After a short dinner break, I returned to rehearsal, in which the chorus was in attendance. Staging scenes with large groups of people takes the most time and requires a lot of mental energy and focus. In these rehearsals, we have the opportunity to put things together and see the entire concept as well as the flow from scene to scene. These large scenes are often among the most captivating moments in the performance, so they are worth the time and energy to create. After rehearsal I like to wind down late at night by talking to friends on the computer and by text message. I feel very lucky to live in a time when it’s so easy to communicate with people while traveling. I don’t watch much television, but I am a fan of the show Nashville, which I keep up with and sometimes watch after rehearsal.
Originality is hard to find. Because one idea stems from another, inspiration and originality have to walk hand in hand. The best work comes from those who knowingly bring their past into the creation process, not turning away from it but rather using it to their fullest advantage. Exciting work starts with passion and with the need to share that intensity with others through your craft.
I came blind to Opera Omaha. I was the last dancer to sign on to Semele and only by happenstance when a friend who was slated to do the production bowed out last minute and recommended me to replace him. I had never met Director James Darrah, but because I had long-time friendships with two of the dancers and was familiar with Choreographer Gustavo Ramìrez Sansano, I signed on immediately.
The first week of work consisted of rehearsals for only the Opera Omaha gala with the five dancers and our Semele, soprano (and new best friend) Mary Feminear. It was a concentrated workshop process consisting mostly of improvisation. We all dove in: dancers, singer, director, choreographer. Where some of us had previously worked together, others were complete strangers, and yet none of it seemed to matter; a unique familiarity was born. The second week brought in the rest of the principals and the chorus to start Semele rehearsals. After only two lightning fast weeks, it’s clear how standout this team and Opera Omaha is.
Collaboration is the answer to advancing forward, not only here in the beautiful worlds of opera and dance, theatre and music, but in any professional career. Change comes when people start looking outside of themselves, when they start to notice how important human relationships are and how vital other outlooks are to developing their own. When minds come together, there is the potential for the new to spark, for the unheard of to thunder.
James Darrah is unlike anyone I’ve ever met. His rehearsal process is unabashed, loose, fiery. After the first rehearsal, I spoke to my mom on the phone and told her how motivating it was to work with someone who was almost innocently obsessed with his work, who literally throws himself into every word and movement. James’ work ethic and honest excitement for opera, something so rooted in history (and let’s face it, Semele is 243 years old) is joyously contagious, spilling out into the room. When it happens, you can see everyone running toward it, careful not to miss out on its power.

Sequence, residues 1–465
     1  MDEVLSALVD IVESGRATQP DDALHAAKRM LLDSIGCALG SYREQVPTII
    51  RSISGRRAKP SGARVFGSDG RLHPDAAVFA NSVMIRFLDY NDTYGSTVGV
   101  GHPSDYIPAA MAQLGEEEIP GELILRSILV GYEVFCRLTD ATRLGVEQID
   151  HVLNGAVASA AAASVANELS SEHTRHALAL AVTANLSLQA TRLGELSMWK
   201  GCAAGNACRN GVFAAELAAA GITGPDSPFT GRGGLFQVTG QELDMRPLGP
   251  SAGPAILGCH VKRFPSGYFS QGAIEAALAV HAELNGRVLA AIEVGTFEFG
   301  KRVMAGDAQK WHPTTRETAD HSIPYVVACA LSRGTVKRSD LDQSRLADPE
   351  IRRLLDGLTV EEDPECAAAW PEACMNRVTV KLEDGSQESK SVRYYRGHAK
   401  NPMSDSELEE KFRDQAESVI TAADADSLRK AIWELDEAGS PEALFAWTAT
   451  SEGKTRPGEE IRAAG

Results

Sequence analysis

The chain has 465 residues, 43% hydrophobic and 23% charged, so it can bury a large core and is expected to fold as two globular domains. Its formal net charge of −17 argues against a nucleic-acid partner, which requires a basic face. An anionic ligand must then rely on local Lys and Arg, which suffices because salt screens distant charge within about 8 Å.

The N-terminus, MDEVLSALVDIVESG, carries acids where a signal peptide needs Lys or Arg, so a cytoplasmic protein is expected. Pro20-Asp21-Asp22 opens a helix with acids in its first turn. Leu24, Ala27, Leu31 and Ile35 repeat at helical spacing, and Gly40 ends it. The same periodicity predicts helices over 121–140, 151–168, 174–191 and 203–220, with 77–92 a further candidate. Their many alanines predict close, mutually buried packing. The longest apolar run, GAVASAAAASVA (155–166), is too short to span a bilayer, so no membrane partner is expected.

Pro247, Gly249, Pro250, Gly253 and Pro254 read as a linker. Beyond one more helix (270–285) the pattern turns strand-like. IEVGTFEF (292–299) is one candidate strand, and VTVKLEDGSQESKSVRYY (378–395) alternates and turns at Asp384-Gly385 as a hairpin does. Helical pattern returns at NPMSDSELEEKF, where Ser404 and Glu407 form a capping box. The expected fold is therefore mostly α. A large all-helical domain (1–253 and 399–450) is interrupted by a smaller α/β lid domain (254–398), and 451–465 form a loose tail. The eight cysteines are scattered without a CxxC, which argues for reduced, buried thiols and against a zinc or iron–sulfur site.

Gustavo Ramìrez Sansano’s role here in Semele is quite different than what he normally does, but his attention to detail and to specifics is something rare to behold. As James gives us insight into every character throughout the scene we’re rehearsing, narrating their thoughts and suggesting their actions, Gustavo stands quietly to the side, his brain dissecting the room, the music, what James is saying and how movement can best complement it all. He’ll say something that can pull a scene together in the blink of an eye, with a gesture, look, transition or lift. His musicality seems to be his mode of survival. He finds it easily, relying on his expertise, yet never repeating an idea in the same setting.
Working with Darrah and Ramìrez Sansano is a like stepping into that room in your house that has taken years to perfect. There’s the massive painting that splashes across one wall, colorful and dynamic, unable to be ignored. Then there are the other pieces in the room, subtle enough to complement the painting, yet essential to the flow of the room, permeating the walls and spreading into the rest of the house. Darrah and Ramìrez have created the type of partnership that comes on subconsciously and surges past any expectation.
Opera Omaha – Darrah, Ramìrez, the singers, dancers, musicians, and everyone behind the scenes – has in fact created something original, inspiring and incredibly exciting, through collaboration. We’ve all brought our strengths, weaknesses and passions to this multimedia production of the beautiful piece that is Semele. All of us have been working for a lifetime in our respective fields and I think I speak for everyone when I say that this is a one of a kind experience, which these days is a very hard thing to find.
George Frideric Handel
Friday, April 8, 7:30 p.m. | Sunday, April 10, 2 p.m.
Click here for tickets or call (402) 345-0606.